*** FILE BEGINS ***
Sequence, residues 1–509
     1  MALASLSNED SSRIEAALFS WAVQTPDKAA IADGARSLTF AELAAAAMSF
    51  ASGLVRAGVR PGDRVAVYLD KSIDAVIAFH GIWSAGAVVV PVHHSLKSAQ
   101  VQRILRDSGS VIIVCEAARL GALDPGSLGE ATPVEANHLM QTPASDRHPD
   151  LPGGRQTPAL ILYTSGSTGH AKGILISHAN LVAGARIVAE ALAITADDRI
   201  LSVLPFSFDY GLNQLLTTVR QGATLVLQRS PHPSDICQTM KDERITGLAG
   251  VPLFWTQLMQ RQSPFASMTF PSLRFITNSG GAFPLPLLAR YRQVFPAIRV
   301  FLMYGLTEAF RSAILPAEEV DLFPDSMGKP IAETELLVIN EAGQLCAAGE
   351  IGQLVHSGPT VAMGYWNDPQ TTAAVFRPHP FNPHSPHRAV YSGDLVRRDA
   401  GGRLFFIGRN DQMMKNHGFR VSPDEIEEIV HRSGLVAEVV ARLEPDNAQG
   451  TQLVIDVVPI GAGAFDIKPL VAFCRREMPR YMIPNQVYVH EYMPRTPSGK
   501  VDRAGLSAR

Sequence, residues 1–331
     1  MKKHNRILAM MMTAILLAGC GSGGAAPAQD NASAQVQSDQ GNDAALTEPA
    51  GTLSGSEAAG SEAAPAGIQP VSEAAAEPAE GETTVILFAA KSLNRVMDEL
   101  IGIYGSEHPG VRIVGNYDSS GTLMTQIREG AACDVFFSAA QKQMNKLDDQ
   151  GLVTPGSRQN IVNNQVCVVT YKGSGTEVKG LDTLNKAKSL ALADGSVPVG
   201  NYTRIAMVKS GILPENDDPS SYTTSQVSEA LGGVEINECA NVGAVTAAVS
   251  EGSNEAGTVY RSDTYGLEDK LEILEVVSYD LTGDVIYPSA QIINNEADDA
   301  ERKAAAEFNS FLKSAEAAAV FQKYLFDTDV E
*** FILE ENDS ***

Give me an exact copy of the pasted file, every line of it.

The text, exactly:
Sequence, residues 1–509
     1  MALASLSNED SSRIEAALFS WAVQTPDKAA IADGARSLTF AELAAAAMSF
    51  ASGLVRAGVR PGDRVAVYLD KSIDAVIAFH GIWSAGAVVV PVHHSLKSAQ
   101  VQRILRDSGS VIIVCEAARL GALDPGSLGE ATPVEANHLM QTPASDRHPD
   151  LPGGRQTPAL ILYTSGSTGH AKGILISHAN LVAGARIVAE ALAITADDRI
   201  LSVLPFSFDY GLNQLLTTVR QGATLVLQRS PHPSDICQTM KDERITGLAG
   251  VPLFWTQLMQ RQSPFASMTF PSLRFITNSG GAFPLPLLAR YRQVFPAIRV
   301  FLMYGLTEAF RSAILPAEEV DLFPDSMGKP IAETELLVIN EAGQLCAAGE
   351  IGQLVHSGPT VAMGYWNDPQ TTAAVFRPHP FNPHSPHRAV YSGDLVRRDA
   401  GGRLFFIGRN DQMMKNHGFR VSPDEIEEIV HRSGLVAEVV ARLEPDNAQG
   451  TQLVIDVVPI GAGAFDIKPL VAFCRREMPR YMIPNQVYVH EYMPRTPSGK
   501  VDRAGLSAR

Sequence, residues 1–331
     1  MKKHNRILAM MMTAILLAGC GSGGAAPAQD NASAQVQSDQ GNDAALTEPA
    51  GTLSGSEAAG SEAAPAGIQP VSEAAAEPAE GETTVILFAA KSLNRVMDEL
   101  IGIYGSEHPG VRIVGNYDSS GTLMTQIREG AACDVFFSAA QKQMNKLDDQ
   151  GLVTPGSRQN IVNNQVCVVT YKGSGTEVKG LDTLNKAKSL ALADGSVPVG
   201  NYTRIAMVKS GILPENDDPS SYTTSQVSEA LGGVEINECA NVGAVTAAVS
   251  EGSNEAGTVY RSDTYGLEDK LEILEVVSYD LTGDVIYPSA QIINNEADDA
   301  ERKAAAEFNS FLKSAEAAAV FQKYLFDTDV E